Many intellectual of the persuasion seem to value “nuance” above all else. They fail to understand that in the world of action, as opposed to the world of pure thought, it is essential to understand the nuances…but then to make clear-cut decisions *anyway*. One cannot stay forever in a Hamlet-like metastable state of “one the one hand”..”but then on the other hand”..”yet still”..and hope to accomplish anything in the real world.

    In many intellectual circles, “nuance” is viewed as a badge of intellectual and moral superiority–a key distinction from the common herd. And it is maintaining their sense of class superiority–not in actually dealing with real issues–that many of these people are all about.

  12. You know what else?? “…to suggest that we – in the U.S., or even in the West in its entirety are the only actors in this drama” also ignores the empirical data that Russia, France, Germany, and China are largely responsible for Iraqi arms.

    After all, I don’t recall seeing a lot of US gear being shot up, or, er, unearthed in the desert.

  13. Darryl, if you’re enough of a Heinlein fan, you might want to read his “new” book For Us, the Living, a utopian novel written in the late 30’s (1939 I think, it’s not to hand right now), in which he makes the notion of only thouse who’ve been in the military can vote a little more explict (albeit a different form): in his utopia, by Constitutional Amendment the choice to go to war must be made by national referendum, with anyone who votes “yes” drafted immediately if the referendum passes.

    I doubt seriously he really continued in that opinion later — he later rejected the idea of a draft — but it’s an interesting point. He’s also pretty explicitly taking the view of the “America First” movement then.

    As to Arthur Silber, I think he needs to take one of those depression screening tests.

  14. Lunacy, Paul, Alan… Jussi Hämäläinen is summarizing his opponents’ position, not his own. Which is often a hazardous thing to accept at face value – but this time, I think his summary is a fairly accurate reflection of the French/ idiotarian leftist mindset.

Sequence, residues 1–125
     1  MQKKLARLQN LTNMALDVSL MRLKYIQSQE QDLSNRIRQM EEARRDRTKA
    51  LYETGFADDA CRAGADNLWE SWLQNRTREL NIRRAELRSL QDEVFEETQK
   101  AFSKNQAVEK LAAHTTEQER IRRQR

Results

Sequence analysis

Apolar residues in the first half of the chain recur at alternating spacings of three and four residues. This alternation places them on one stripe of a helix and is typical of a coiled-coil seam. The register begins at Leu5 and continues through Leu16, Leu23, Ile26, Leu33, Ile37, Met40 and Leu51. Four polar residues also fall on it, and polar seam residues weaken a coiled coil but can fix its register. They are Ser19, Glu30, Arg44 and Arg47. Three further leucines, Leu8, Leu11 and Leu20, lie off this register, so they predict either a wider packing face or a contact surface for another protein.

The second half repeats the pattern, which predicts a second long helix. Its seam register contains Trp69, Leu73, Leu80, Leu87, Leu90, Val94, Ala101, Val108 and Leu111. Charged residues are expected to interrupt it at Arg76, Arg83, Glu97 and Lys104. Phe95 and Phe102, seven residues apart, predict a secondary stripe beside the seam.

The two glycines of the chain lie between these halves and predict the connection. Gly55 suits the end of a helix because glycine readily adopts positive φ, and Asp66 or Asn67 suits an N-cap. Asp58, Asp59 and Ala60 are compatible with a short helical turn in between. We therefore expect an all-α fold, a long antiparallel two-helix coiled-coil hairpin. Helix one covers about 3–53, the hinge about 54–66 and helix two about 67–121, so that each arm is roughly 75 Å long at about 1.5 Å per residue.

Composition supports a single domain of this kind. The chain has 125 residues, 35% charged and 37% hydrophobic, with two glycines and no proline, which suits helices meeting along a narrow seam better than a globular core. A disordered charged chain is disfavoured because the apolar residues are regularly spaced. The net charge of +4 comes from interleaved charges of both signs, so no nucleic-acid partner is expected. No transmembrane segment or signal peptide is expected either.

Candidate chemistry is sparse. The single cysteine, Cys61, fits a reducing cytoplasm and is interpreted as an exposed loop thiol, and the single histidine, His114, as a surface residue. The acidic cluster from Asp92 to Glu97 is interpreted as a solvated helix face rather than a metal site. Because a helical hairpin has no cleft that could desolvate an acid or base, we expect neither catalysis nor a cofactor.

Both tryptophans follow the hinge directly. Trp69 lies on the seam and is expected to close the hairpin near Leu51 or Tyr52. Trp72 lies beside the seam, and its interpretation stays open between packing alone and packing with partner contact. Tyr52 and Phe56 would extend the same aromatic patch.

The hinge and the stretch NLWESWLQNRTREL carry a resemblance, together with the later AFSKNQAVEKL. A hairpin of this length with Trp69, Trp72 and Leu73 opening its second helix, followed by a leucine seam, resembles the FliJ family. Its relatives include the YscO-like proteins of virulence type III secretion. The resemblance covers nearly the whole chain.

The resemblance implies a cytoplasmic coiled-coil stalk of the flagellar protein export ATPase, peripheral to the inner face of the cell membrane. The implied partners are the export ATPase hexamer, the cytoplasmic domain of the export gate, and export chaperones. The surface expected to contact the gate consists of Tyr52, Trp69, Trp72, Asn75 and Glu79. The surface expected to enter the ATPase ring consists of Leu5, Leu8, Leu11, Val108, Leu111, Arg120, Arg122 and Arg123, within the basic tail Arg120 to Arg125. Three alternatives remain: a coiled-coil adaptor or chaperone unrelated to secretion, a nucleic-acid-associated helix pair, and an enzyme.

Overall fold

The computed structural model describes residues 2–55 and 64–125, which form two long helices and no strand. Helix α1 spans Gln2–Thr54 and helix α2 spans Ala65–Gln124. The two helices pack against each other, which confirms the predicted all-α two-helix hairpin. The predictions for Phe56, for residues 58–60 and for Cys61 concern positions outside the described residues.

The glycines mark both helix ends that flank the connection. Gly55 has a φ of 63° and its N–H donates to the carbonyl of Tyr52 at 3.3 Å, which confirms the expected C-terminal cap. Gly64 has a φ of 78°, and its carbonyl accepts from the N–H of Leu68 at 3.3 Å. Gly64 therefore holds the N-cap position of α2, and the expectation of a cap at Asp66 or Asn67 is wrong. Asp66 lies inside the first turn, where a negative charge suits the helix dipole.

Al-Qeada aren’t the only ones out there with a fantasy ideology.

  15. Actually the “only troops can vote” was part of Verhoven’s “Starship Troopers”. Heinlein’s “Starship Troopers” only allowed those who severed 2+ years in federal service (usually military, but there were some dangerous civilian things one could do — like testing environment suits on Titan) could vote.

    But I think Verhoven had some sort of axe to grind against Heinlein or something.

  16. Nice fisking, AL. I wait with baited breath for Silber’s next installment, though in the meantime I like his recent post where he decries Japanese moves toward greater flexibility in defending themselves against North Korea and participating in peacekeeping, calling it “the policies which led to the twentieth-century’s unending train of the horrors of war.” I missed the part about Koizumi declaring himself Emperor and announcing a plan to create a Greater Asian Co-Prosperity Sphere. To be serious, heaven forbid that a democratic government seek to protect its citizens.

    Before Silber shut down his comments, I told him he sounded like Pat Buchanan. Since the only thing bad he associates with Buchanan is homophobia, he was insulted. Nowadays, it seems like he could teach Pat a thing or two about isolationist hysterics.

  17. Minor point to add to the Heinlein side story- only RETIRED members of the military could vote. There is a line in the story that goes something like this: ” letting soldiers vote might result in them voting not to fight- we can’t have that!!”

    You have to wait until you are retired from service honorably before exercising the franchise.

  18. Re Heinlein quibbles: Patrick, you’re right that it was “Federal Service”, and he makes it explicit that not all forms of Federal Service — or even most forms, I think the proportion was more than 9 to 1 — are military. On the other hand, Phil, you’re a little wrong there, as one got citizenship by completing a term of service, which was two years. However, once you “go career”, you’re obligated for 20 years, or until you choose to resign or leave for medical reasons (or are returned home in a small shopping bag.) In any case, you don’t become a citizen until you successfully complete military service, so once you go career you’ve got to complete the 20 years.

    Interestingly, when Heinlein was on active duty, it was considered very much inappropriate for a military officer to be politically active, or even express positive political opinions, while still on active duty.